Eczema comes under the head of neurosis. It is a
neurotic so-called disease. In other words, children develop this peculiar form
of skin derangement when they are enervated, toxemic, and infected from
decomposition of food in the bowels. A child might develop petit mal,
chorea, or some other so-called nervous disease, if the reflex irritation had
not been sent to the surface of the body. When laymen get enough information so
that they can think in the language of the unity of diseases, they will not be
scanning almanacs and billboards, and going to all kinds of specialists, to
find a cure or buy an operation for all so-called special or specific diseases.
Symptoms.--At the start there is a little
redness and roughness of a small spot on the skin. This gradually spreads
larger. Where the constitutional derangement continues to increase in severity,
other spots appear. These spots spread, and become somewhat thickened. By that
I mean that the roughness is elevated above the surface of the skin. In
pronounced types, the surface of the eczematous spots is moist; then it is
called weeping eczema. This means that there is a little more irritation that
nature is throwing out, or that she is eliminating toxin more rapidly than in
what is known as the dry variety of eczema.
Treatment.--Conventional, orthodox treatment is
with lotions and salves. Where salves of various description
are used--salves that are prescribed for curing the disease--some will create
more irritation than others. Not any are curative--with no apologies to the
profession or to Cuticura. Where they produce quite a little irritation, the
disease is spread more rapidly than it otherwise would be. But curing eczema in
this way is very much on the order of rubbing salve on the end of a dog's tail
for a sore ear. Local treatment is absurd, unless palliation is the sole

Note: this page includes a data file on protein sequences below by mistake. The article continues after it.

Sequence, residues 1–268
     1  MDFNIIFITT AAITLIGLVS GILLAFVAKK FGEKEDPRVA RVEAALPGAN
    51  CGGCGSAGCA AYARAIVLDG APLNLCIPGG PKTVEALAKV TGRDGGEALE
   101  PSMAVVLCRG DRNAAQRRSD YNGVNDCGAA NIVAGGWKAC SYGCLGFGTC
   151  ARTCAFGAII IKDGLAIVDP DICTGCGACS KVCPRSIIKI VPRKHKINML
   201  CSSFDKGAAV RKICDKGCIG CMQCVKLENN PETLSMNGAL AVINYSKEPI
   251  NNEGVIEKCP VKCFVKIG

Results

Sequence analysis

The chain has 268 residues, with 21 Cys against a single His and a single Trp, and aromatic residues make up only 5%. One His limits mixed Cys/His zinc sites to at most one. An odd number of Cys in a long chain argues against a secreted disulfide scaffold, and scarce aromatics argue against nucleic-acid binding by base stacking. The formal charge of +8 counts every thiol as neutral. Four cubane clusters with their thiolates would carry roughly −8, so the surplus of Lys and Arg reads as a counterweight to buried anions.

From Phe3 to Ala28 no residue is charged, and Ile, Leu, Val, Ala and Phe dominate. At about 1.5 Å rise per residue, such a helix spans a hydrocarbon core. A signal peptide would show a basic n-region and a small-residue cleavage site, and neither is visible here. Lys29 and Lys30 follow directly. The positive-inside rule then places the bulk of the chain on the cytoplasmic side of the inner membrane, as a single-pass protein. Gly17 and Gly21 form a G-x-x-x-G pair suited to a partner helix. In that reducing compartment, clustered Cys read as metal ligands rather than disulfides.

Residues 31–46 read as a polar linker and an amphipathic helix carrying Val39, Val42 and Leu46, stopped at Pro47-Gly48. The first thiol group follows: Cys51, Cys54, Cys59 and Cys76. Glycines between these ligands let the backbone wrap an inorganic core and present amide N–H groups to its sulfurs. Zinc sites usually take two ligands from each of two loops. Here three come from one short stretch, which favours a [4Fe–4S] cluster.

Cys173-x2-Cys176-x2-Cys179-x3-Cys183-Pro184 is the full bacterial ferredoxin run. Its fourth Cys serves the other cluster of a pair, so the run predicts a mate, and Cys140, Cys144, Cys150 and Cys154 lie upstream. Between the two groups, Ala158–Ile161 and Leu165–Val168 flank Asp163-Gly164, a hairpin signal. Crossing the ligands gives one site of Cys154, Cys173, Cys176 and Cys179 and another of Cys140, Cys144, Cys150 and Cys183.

The child's diet must be corrected. Stop forever
feeding starch and protein in the same meal. Where bathing is neglected, it
should be properly attended. Bathing in eczema is not considered good from
standpoint of scientific prescribing. A warm tub-bath three times a week should
be given, using a very mild soap. Then follow with a thorough rinsing in warm
water. This is to be followed with dry towel-rubbing. Where there are no
eczematous spots, the rubbing should be brisk. The days that the child is not to
have the tub-bath it should be given a warm sponge-bath, allowing it to stand
in warm water and sponging it off quickly; then follow with dry towel-rubbing.
After the bath and drying with a soft towel, use a little olive oil or
Vaseline; then dust with talcum.
If the child's tongue is coated, its breath bad, its
stomach distended with gas, and it grinds its teeth at night, or is restless
and continually kicking the covers off, it should be put to bed for a week or
two. A fast of two or three days' duration should be given. If that is
impossible, give a glass of milk and water--half warm milk and half hot water.
Have the child sip it slowly. A glassful should be given three times a day.
After the third day begin the fourth by giving a little fruit in the morning.
At noon, feed a slice of whole-wheat bread, stale or dried out or toasted. The
bread is to be eaten with a very little butter. This is to be eaten dry. The
child gets nothing else until it has finished eating the bread. Then follow the
bread with a pear, or a few grapes, or orange juice half water. In the evening,
give a dish of prunes and a glass of whole milk. This amount of feeding should
not be increased until the eczema has disappeared. Just what kind of
gastro-intestinal derangement has been set up to cause
the eczema cannot be anticipated, and neither can the intensity of the
constitutional derangement be taken into consideration in preparing an article
like this. To get good results, the fast should be for three days or longer, if
the breath is bad and there should be nausea. A fast often causes sick stomach
in those who are very toxemic. A hot, wet pack over the stomach gives relief.
If, however, the tongue remains coated, the child at
the end of the third day's fast has a bad breath, and nature has started up a
decided elimination, it would be wise not to feed for three days more. Give
nature an opportunity to eliminate the toxins in the system. Nature can be
depended upon to do this, unless there is foolish fear on the part of the
parents lest the child will starve to death. There is no danger of its starving
so long as nature is cleaning house, evidenced by bad odor from the breath and
The bowels should be moved by an enema every night for
three consecutive nights. After that, the bowels should be left alone, except
for giving a small enema--a half-pint, or not to exceed a pint, of warm water
every other day.